China believes it used its own guns to restore its sovereignty from Japan and Western powers that had invaded the country. For China, military power is not something that must not be used, as in the case of postwar Japan, but a means it can use if and when doing so helps state policies. That is the Chinese position. China’s territorial challenges have been extremely hard for neighboring countries to stomach because the country has been expanding its military capabilities at an intense pace.


Funabashi: In December 2008, two Chinese marine research ships entered Japanese territorial waters near the Senkaku Islands and stayed for nine hours. With this action, China started to Japan’s effective control over the islands head-on. At that point, China had significantly modified the peaceful line adopted by Deng Xiaoping. I take this view because the Deng line of tao guang yang hui included the policy of not having disputes over the right of possession over the Senkaku Islands.

China was thinking international politics were in a period of great reversal at the moment. The U.S. was declining and China was gathering strength. The Lehman Brothers collapse in 2008 was probably a major watershed in this respect. Obama says his country is rebalancing now with January 2012 as a pivot. His administration announced the policy of shifting diplomatic priority to Asia and the Pacific. From a Chinese viewpoint, this rebalancing represents a new U.S. attempt to contain the country. Provocative actions over the Senkaku Islands issue can be called China’s challenges to such an attempt. Of course the main goal for China is to show that Japan’s effective control over the Senkaku Islands is a paper tiger. Yet China is always conscious of the U.S. behind the islands. I think a new era has clearly started from a marine geopolitical perspective.

If battles between the U.S. and the Soviet Union for hegemony over Central and Eastern Europe characterized the second half of the twentieth century, struggles between the U.S. and China over a dominant position in the seas of Asia and the Pacific symbolize the first half of the twenty-first century. This is becoming increasingly evident. China maintained Deng Xiaoping’s peaceful line for about thirty years from 1979 or 1980, but the country is now making a shift to the next stage. So what is this next stage? China has only explained it with an extremely vague expression — the Chinese dream. China has not been able to sufficiently define the type of order it aims to build in Asia and the Pacific.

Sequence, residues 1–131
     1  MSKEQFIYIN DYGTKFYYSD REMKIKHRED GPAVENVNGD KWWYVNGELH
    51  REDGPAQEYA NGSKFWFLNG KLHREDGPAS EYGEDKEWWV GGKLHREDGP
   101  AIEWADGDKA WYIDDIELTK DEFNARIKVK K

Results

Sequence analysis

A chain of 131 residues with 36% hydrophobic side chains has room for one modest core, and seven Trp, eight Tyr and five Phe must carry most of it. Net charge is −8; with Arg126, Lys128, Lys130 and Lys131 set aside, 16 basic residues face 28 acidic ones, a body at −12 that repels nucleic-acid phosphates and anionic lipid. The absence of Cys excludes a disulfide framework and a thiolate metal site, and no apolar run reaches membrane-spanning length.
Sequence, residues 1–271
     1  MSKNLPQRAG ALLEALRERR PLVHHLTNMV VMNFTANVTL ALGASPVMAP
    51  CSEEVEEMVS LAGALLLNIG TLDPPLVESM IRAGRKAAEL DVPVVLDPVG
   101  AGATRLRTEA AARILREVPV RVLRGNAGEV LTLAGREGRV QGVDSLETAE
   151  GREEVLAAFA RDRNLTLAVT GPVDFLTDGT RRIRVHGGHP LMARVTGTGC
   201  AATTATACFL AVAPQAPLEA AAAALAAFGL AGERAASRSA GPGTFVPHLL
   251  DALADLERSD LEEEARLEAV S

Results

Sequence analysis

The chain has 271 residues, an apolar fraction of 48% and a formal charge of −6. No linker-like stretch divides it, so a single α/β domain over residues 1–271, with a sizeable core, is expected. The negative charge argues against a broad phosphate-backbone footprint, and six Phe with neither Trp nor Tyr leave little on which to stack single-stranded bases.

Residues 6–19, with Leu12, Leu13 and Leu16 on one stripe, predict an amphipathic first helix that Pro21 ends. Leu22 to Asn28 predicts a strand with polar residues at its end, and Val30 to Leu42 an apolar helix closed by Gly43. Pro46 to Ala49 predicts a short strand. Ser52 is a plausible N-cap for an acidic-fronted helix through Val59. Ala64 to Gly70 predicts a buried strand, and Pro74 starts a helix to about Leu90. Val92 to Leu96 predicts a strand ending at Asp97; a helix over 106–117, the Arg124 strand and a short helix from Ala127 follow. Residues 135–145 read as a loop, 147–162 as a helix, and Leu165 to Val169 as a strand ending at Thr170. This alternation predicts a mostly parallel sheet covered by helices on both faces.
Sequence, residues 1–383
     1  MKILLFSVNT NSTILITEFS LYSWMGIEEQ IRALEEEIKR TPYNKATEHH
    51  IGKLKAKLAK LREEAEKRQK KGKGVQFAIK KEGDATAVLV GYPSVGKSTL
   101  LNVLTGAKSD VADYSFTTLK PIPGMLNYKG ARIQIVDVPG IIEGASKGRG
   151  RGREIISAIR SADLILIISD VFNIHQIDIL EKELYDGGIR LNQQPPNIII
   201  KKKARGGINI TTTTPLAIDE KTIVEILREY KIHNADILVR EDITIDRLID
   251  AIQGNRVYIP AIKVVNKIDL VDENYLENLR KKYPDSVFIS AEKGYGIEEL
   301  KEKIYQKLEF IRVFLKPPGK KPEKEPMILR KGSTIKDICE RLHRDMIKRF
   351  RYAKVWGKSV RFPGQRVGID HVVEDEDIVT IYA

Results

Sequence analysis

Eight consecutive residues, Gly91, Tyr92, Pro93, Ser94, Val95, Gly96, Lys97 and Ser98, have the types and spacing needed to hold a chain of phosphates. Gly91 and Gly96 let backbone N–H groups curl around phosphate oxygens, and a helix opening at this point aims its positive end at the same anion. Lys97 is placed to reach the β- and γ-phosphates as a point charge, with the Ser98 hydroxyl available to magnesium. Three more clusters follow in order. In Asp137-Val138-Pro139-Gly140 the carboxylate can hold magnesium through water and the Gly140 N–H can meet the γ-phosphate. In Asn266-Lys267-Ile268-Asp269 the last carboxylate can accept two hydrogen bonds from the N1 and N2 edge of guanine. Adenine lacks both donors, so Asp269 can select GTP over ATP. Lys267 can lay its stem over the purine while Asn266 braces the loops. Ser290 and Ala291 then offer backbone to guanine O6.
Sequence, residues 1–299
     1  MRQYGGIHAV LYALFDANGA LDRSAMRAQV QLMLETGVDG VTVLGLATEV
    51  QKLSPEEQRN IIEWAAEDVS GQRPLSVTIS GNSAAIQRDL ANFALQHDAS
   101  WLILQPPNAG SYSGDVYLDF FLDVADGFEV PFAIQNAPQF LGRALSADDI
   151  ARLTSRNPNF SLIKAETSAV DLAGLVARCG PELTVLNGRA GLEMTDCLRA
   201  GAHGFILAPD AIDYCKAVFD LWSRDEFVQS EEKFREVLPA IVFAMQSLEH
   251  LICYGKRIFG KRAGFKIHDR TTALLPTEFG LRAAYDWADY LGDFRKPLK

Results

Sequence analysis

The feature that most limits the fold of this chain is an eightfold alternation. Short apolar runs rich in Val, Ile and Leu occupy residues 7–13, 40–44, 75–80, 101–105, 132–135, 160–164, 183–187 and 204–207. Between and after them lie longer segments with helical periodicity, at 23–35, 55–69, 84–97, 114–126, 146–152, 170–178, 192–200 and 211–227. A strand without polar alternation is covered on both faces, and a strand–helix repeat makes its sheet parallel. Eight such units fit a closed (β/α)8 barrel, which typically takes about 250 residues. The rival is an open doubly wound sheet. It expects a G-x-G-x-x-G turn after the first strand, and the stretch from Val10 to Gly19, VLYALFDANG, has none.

Strengths and weaknesses coexist in China. Military buildups, such as the deployment of missiles and the launch of aircraft carriers, have been visible. However, China’s missiles and carriers cannot match mobile U.S. troops. China is not confident about the level of its supremacy over the Japanese Maritime Self-Defense Force (MSDF), either. China is surpassing many other countries in economic power, but its military power is still inadequate. China presents a mottled pattern of strengths and weaknesses.

Looking at China’s attitude toward territorial issues, the country tends to go on the offensive when its position and bargaining power are weak. China tried to use absolutely no power against opponents whose positions was overwhelmingly strong, as in the cases of Hong Kong and Macao. On top of this, China responds differently to territorial disputes on land and on sea. In many land-related cases, China compromises, but the country rarely makes efforts to compromise offshore.

Issues of ethnic minorities are involved in many territorial disputes China has on land. It needs to secure the cooperation of neighboring countries in those cases, but no such self-control works on the water. There is a risk of China overreacting to territorial disputes in the ocean. Will the Communist Party of China be able to control the country’s armed forces in offshore territorial disputes as it has done in the past? Is there a new possibility for the Chinese navy to establish an agenda? Conditions including such domestic politics are extremely difficult to observe, but we must consider them risks. I believe an extremely long struggle with no simple exit in sight has begun.